Likelihood ratio data to report the validation of a forensic fingerprint evaluation method

Daniel Ramos, Rudolf Haraksim, Didier Meuwly*

*Corresponding author for this work

    Research output: Contribution to journalArticleAcademicpeer-review

    15 Citations (Scopus)
    218 Downloads (Pure)


    Data to which the authors refer to throughout this article are likelihood ratios (LR) computed from the comparison of 5–12 minutiae fingermarks with fingerprints. These LRs data are used for the validation of a likelihood ratio (LR) method in forensic evidence evaluation. These data present a necessary asset for conducting validation experiments when validating LR methods used in forensic evidence evaluation and set up validation reports. These data can be also used as a baseline for comparing the fingermark evidence in the same minutiae configuration as presented in (D. Meuwly, D. Ramos, R. Haraksim,) [1], although the reader should keep in mind that different feature extraction algorithms and different AFIS systems used may produce different LRs values. Moreover, these data may serve as a reproducibility exercise, in order to train the generation of validation reports of forensic methods, according to [1]. Alongside the data, a justification and motivation for the use of methods is given. These methods calculate LRs from the fingerprint/mark data and are subject to a validation procedure. The choice of using real forensic fingerprint in the validation and simulated data in the development is described and justified. Validation criteria are set for the purpose of validation of the LR methods, which are used to calculate the LR values from the data and the validation report. For privacy and data protection reasons, the original fingerprint/mark images cannot be shared. But these images do not constitute the core data for the validation, contrarily to the LRs that are shared.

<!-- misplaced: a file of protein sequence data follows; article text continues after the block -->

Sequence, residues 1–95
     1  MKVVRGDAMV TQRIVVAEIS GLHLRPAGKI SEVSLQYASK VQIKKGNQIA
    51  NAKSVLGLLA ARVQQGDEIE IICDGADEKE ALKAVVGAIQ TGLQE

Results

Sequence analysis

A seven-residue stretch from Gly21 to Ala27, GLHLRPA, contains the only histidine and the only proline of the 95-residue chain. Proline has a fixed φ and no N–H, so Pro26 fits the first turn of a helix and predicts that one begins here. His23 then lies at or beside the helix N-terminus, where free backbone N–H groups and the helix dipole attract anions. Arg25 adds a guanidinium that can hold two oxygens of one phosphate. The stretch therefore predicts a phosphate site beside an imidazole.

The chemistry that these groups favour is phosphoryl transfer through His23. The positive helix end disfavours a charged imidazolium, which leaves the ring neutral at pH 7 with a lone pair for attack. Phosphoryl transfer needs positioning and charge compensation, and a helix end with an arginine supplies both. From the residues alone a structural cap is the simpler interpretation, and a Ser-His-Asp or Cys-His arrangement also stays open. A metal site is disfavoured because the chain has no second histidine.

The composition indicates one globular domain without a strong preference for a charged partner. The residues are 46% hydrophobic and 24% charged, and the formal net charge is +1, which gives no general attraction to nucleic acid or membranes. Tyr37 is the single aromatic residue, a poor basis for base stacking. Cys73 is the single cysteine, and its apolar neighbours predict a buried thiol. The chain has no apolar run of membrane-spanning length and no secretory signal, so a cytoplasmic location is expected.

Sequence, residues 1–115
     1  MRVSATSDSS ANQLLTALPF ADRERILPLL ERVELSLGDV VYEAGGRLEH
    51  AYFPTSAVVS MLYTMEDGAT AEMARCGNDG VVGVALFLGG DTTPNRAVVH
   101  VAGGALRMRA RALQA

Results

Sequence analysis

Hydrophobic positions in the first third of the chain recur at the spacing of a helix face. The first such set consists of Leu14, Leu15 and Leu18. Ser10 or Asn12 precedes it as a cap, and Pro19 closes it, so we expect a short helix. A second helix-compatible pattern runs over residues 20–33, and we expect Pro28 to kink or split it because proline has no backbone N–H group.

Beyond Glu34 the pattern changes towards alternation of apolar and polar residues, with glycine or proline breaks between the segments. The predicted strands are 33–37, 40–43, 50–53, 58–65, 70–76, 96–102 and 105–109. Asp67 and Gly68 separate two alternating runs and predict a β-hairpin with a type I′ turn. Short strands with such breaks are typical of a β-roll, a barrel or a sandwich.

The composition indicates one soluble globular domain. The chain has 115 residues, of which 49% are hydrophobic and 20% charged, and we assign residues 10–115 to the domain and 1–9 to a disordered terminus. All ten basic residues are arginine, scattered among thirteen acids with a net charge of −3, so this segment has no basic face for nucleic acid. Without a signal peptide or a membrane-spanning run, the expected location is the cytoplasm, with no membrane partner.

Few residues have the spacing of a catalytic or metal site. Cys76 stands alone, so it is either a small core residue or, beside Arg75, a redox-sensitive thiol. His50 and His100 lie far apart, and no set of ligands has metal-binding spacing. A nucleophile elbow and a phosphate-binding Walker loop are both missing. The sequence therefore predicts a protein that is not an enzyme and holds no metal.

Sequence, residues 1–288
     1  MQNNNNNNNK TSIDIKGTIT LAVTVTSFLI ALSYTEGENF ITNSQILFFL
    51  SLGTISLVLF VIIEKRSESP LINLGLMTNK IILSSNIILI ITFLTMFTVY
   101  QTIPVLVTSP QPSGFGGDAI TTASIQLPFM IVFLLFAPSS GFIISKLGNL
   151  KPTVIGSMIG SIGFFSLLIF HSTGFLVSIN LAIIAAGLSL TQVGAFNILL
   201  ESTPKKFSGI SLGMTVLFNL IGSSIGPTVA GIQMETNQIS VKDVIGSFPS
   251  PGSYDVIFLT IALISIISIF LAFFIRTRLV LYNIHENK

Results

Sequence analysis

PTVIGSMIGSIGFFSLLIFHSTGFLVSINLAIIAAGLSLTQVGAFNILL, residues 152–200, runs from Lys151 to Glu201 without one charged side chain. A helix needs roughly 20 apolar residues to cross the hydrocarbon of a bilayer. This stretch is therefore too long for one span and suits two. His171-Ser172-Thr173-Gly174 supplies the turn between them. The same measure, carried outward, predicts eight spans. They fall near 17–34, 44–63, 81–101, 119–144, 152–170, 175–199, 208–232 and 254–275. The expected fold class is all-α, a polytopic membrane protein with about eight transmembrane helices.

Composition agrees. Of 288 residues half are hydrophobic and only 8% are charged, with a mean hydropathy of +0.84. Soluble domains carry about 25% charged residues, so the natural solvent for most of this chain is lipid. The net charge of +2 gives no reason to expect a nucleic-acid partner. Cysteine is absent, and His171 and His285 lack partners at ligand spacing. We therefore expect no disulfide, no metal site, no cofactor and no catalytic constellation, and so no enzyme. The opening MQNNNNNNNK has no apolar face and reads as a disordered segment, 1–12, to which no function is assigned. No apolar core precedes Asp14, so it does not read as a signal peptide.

Original languageEnglish
    Pages (from-to)75-92
    Number of pages18
    JournalData in brief
    Publication statusPublished - 1 Feb 2017


    • Accreditation
    • Automatic interpretation method
    • Likelihood ratio data
    • Method validation
    • Strength of evidence
    • Validation report


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